Pancreatic adenocarcinoma

Case contribution: Dr. Radhiana Hassan


  • A 57 years old man
  • Underlying hypertension and bronchial asthma
  • Presented with generalised body itchiness for 2 months
  • Associated with jaundice for 2 weeks, tea coloured urine, and loss of appetite
  • History of taking traditional medicine
  • Clinically no stigmata of liver disease
  • Blood investigation shows mixed hepatitis feature that may represent drug induced liver injury
  • Hepatitis B and Hepatitis C are negative
Ultrasound of hepatobiliary system

Ultrasound findings:

  • Liver is slightly increased in echogenicity. However, the echotexture is normal with smooth margin. The liver measures 12.9 cm in length.
  • Gallbladder is well distended with few septations within. A small echogenic lesion is seen within the gallbladder which moves with repositioning. No posterior shadowing. The gallbladder wall is not thickened and no pericholecystic fluid seen.
  • The common bile duct, intrahepatic and extrahepatic bile ducts are grossly dilated. The common duct measures about 1.6 cm at porta hepatis. The CBD is traced until head of pancreas, however, no apparent calculus or mass observed. Distal part of CBD is obscured by bowel gas thus limiting the study.
  • Portal vein is normal in calibre which measures about 1.1 cm. The visualised pancreas is homogenous and normal in appearance. No obvious mass observed.
  • Impression: Dilated biliary system with no apparent obstructive cause is observed.
CT scan abdomen in axial plane soft tissue window post contrast
Coronal reformatted image of CT scan in soft tissue window post contrast

CT scan findings:

  • There is gross dilatation of left and right intrahepatic, common hepatic and common bile duct (CBD) yellow arrows. The maximal diameter is at its proximal CBD measures about 1.9 cm. It is seen tapering at its distal part.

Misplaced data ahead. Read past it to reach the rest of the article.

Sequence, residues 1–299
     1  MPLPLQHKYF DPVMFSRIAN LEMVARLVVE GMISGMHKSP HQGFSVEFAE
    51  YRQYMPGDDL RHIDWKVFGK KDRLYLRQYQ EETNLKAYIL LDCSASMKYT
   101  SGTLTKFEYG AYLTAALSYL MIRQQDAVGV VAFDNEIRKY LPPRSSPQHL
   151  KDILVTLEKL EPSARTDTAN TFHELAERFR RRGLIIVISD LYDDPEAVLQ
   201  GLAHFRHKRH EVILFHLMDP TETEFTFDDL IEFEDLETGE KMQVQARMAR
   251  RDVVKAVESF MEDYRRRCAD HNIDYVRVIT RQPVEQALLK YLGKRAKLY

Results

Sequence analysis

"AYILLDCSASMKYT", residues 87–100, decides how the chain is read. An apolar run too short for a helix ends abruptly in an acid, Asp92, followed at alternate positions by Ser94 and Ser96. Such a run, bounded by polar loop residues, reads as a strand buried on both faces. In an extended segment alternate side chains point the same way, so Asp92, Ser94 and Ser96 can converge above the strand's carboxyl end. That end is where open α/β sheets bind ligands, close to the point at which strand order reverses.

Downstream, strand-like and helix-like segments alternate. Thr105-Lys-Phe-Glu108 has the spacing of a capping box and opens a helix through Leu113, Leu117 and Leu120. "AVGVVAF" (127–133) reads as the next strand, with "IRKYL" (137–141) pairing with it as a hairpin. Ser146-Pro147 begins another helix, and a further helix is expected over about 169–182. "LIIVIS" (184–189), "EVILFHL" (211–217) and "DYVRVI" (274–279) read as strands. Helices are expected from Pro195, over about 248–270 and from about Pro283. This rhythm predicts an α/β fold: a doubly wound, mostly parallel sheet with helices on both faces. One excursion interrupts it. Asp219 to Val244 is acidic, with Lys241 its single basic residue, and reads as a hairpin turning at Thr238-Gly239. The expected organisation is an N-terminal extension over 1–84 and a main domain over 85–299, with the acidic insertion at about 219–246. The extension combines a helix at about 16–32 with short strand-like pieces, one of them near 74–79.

• There is an ill-defined enhancing soft tissue mass is noted at pancreatic head measures about 0.5 x 1.7 x 1.8 cm (red arrows). The rest of pancreas is homogenously enhanced with no other focal lesion is seen.
  • Pancreatic duct is also dilated. No intraductal lesion or calculus seen.
  • Gallbladder, spleen, adrenals and both kidneys are normal.
  • Also had liver and bone lesions suggestive of metastasis.
  • No significant para-aortic or paracaval nodes enlargement.
  • Impression:  Pancreatic head mass causing external compression and biliary tree obstruction; highly suspicious of malignancy.

HPE findings:

  • Specimen labelled as brush cytology of common bile duct
  • Macroscopy: minimal blood stained common bile duct
  • Microscopcy: cellular smear. Smear shows malignant cells arranged in sheets, clusters, singly dispersed and some forming glandular architecture. The malignant cells display moderate pleomorphism, hyperchromatic nuclei with some shows prominent nucleoli. Occasional mitosis are seen. In areas, sheets of benign ductal cells are also present.
  • Interpretation: adenocarcinoma.

Progress of patient:

  • ERCP done shows bulging ampulla with grossly dilated extra and intrahepatic duct, stenotic distal CBD about 6 cm in length. A self-expanding metallic stent inserted and well expanded.
  • EUS shows multiple lymph nodes at coeliac axis and periportal area. Tumour infiltrating into CBD and embarking portal vein.
  • Impression: non-resectable pancreatic tumour
  • Palliative chemotherapy given

Diagnosis: Pancreatic cancer (adenocarcinoma)


  • Pancreatic cancer is a common gastrointestinal malignancy.
  • It is slightly more common in men, and is usually a disease of older adults.
  • Cigarette smoking appears to be one of the strongest risk factors, and is likely associated with as many as one quarter of all pancreatic tumors.
  • Other known risk factors include diabetes mellitus, alcohol use, obesity, and various genetic syndromes.
  • More than 95% of malignant neoplasms of the pancreas arise from the exocrine portions of the gland (ductal and acinar cells), and demonstrate features consistent with adenocarcinoma.
  • Location of cancer is mainly at head and uncinate process; 2/3 of cases.
  • Ultrasound show non-specific findings.
  • CT of typical ductal adenocarcinomas appear as poorly defined masses which enhance poorly compared to adjacent normal pancreatic tissue and thus appear hypodense on arterial phase scans in 75-90% of cases, but may become isodense on delayed scans (thus the need for multiple phase scanning when pancreatic cancer is the clinical question).

    CT correlates well with surgical findings in predicting unresectability (positive predictive value of 89-100% ). The most important feature to assess locally is the relationship of the tumor to surrounding vessels (SMA and celiac axis). If the tumor surrounds a vessel by more than 180 degrees, then it is deemed unresectable.

Post stent insertion abdominal radiograph



Author: radhianahassan